Originally published in Points West magazine
Rough Riding with Buffalo Bill’s Wild West
By Tom F. Cunningham
As organized in 1891, Buffalo Bill’s Wild West had 640 “eating members.” There were 20 German soldiers, 20 English soldiers, 20 United States soldiers, 12 Cossacks, and 6 Argentine Gauchos, which with the old reliables, 20 Mexican vaqueros, 25 cowboys, 6 cowgirls, 100 Sioux Indians, and the Cowboy Band of 37 mounted musicians, made a colorful and imposing Congress of Rough Riders. ~ Don Russell, The Lives and Legends of Buffalo Bill, 1960. University of Oklahoma Press
Scottish author and scholar Tom F. Cunningham has conducted extensive research—including study at the Buffalo Bill Center of the West—on Buffalo Bill’s Congress of Rough Riders. He takes issue with Russell’s numbers and dates, as well as other information proffered by Russell and other writers on the subject like Sam Maddras, Joseph Rosa and Robin May, Bobby Bridger, and Louis Warren, to name a few. Exactly how, why, and when were the Rough Riders incorporated into Buffalo Bill’s Wild West?
The facts, the conjectures, and the anecdotes confirm: These questions are tricky. For instance, consider the question of when the Rough Riders first appeared. Was it really 1891 as Russell indicates? Was it later? Possibly earlier? Cunningham’s goal is to point out the contradictions. But beyond that, he establishes the value of sound research and, along the way, demonstrates why a scholar wants to get the story right.
Those “extraneous features” in Buffalo Bill’s Wild West
A further preliminary difficulty [with Russell’s assertion that the Rough Riders appeared in 1891] is that in his other major work on the subject, The Wild West—A History of the Wild West Shows, he repeats essentially the same story. Yet, unaccountably, he reproduces an image of a group of Bedouin Arabs with the show, captioned as having been photographed “in Vienna, Austria, in 1890.”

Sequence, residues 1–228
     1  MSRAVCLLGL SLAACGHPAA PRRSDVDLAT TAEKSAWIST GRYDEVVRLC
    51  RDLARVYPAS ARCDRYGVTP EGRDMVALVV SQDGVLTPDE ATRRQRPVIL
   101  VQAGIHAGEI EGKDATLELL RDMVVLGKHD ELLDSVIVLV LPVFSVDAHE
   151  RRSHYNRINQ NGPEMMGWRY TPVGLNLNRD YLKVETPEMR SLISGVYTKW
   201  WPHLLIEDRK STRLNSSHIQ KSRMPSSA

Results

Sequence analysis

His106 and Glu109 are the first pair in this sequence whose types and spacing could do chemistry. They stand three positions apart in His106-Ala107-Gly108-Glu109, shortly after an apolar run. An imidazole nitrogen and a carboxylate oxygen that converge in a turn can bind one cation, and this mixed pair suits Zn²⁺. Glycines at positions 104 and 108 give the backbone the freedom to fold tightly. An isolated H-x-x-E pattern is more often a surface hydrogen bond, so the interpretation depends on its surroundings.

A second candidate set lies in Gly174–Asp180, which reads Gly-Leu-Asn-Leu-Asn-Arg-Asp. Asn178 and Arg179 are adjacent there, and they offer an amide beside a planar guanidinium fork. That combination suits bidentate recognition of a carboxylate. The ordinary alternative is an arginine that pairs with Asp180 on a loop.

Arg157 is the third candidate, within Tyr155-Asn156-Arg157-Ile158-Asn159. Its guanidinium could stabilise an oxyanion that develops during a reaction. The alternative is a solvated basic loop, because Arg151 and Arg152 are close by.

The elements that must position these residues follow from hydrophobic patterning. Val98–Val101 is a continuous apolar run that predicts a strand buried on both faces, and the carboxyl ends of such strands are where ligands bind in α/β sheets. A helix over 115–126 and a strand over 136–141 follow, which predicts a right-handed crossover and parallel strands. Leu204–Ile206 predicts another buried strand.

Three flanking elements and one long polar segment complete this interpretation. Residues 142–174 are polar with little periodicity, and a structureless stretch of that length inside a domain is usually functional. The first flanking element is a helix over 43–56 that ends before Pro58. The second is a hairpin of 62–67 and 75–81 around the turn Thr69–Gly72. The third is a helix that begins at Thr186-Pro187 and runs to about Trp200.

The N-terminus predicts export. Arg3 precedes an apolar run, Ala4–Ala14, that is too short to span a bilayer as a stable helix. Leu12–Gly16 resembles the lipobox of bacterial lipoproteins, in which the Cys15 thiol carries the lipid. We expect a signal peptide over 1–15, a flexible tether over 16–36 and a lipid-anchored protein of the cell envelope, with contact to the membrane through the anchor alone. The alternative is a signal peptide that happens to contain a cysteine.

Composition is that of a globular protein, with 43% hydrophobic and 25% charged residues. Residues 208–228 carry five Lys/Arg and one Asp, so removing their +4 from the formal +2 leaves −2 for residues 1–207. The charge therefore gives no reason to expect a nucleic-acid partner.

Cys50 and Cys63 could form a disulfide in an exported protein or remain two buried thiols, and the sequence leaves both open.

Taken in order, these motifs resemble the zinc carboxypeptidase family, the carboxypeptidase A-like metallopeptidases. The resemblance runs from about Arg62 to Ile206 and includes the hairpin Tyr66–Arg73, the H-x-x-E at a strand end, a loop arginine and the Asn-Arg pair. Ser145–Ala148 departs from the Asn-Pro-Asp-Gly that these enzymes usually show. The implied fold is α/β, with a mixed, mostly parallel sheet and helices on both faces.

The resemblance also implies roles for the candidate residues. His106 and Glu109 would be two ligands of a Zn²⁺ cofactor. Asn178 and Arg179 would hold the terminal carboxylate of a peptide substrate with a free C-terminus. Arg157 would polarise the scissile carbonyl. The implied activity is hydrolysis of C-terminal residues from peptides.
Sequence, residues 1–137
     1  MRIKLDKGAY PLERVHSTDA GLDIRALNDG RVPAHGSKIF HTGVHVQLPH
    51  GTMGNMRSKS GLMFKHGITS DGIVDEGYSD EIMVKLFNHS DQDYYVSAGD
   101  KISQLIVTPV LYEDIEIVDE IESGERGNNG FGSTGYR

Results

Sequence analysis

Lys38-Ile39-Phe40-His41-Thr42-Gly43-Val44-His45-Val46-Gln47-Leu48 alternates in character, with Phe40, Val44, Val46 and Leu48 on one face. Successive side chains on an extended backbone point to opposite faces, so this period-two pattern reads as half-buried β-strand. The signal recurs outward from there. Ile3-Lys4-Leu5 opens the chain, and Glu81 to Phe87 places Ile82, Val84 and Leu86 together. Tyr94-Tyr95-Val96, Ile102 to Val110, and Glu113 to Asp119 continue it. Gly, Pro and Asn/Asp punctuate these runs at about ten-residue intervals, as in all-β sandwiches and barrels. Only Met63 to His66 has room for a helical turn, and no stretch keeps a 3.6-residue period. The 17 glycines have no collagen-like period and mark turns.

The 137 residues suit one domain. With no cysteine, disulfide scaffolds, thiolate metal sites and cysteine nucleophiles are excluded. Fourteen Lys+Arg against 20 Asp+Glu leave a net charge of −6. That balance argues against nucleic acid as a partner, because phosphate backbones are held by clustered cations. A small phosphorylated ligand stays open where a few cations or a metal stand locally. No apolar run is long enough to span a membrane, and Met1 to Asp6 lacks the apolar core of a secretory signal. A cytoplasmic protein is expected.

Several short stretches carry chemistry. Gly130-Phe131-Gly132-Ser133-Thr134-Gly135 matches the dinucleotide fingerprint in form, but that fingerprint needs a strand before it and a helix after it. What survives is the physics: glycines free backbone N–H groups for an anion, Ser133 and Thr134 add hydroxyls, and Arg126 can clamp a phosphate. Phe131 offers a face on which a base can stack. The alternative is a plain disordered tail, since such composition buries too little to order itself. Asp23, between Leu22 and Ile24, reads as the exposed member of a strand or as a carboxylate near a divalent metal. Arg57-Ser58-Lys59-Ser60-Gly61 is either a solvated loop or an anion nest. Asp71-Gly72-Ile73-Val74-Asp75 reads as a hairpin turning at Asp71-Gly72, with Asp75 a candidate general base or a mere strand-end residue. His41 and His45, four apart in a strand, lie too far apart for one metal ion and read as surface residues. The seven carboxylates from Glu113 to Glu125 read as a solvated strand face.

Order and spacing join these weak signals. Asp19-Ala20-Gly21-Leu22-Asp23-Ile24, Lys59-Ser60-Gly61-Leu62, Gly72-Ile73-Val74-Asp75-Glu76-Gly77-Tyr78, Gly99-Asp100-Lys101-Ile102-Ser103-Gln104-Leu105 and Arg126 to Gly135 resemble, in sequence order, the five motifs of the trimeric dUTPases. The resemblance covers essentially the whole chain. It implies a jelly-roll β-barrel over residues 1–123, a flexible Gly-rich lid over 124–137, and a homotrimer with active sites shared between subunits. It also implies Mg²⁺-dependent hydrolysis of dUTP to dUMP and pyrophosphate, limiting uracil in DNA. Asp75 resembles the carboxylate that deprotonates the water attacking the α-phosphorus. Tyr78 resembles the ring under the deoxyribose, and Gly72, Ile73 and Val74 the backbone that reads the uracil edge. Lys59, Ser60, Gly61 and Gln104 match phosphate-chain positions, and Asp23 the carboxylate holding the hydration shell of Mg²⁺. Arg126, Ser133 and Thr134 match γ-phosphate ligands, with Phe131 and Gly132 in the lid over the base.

Henry Blackman and Victor Weybright Sell (Buffalo Bill and the Wild West) place Cossacks with the show as early as 1886. In an admittedly incidental paragraph of his book Standing Bear is a Person, Stephen Dando-Collins gives the clear impression that the Rough Riders of the World were an integral part of Cody’s show from the very outset, that is, in 1883. These various, unrelated, and isolated references raise at least the possibility that extraneous features in the Wild West, i.e. the Rough Riders, actually predated 1891.
Is that really the case?
The timing of this alleged momentous change in the composition of Buffalo Bill’s grand entertainment was, of course, far from fortuitous. Russell—also echoed by Rosa and May—explains that the new version of the show, devised by producer Nate Salsbury whilst in winter quarters at Benfeld, France, was a response to a threat which had arisen during the winter of 1891–1892. The show was, for a time, in peril of a permanent prohibition of the enlistment of American Indian performers. An alternative was therefore urgently required if the show was to continue in any recognizable shape or form.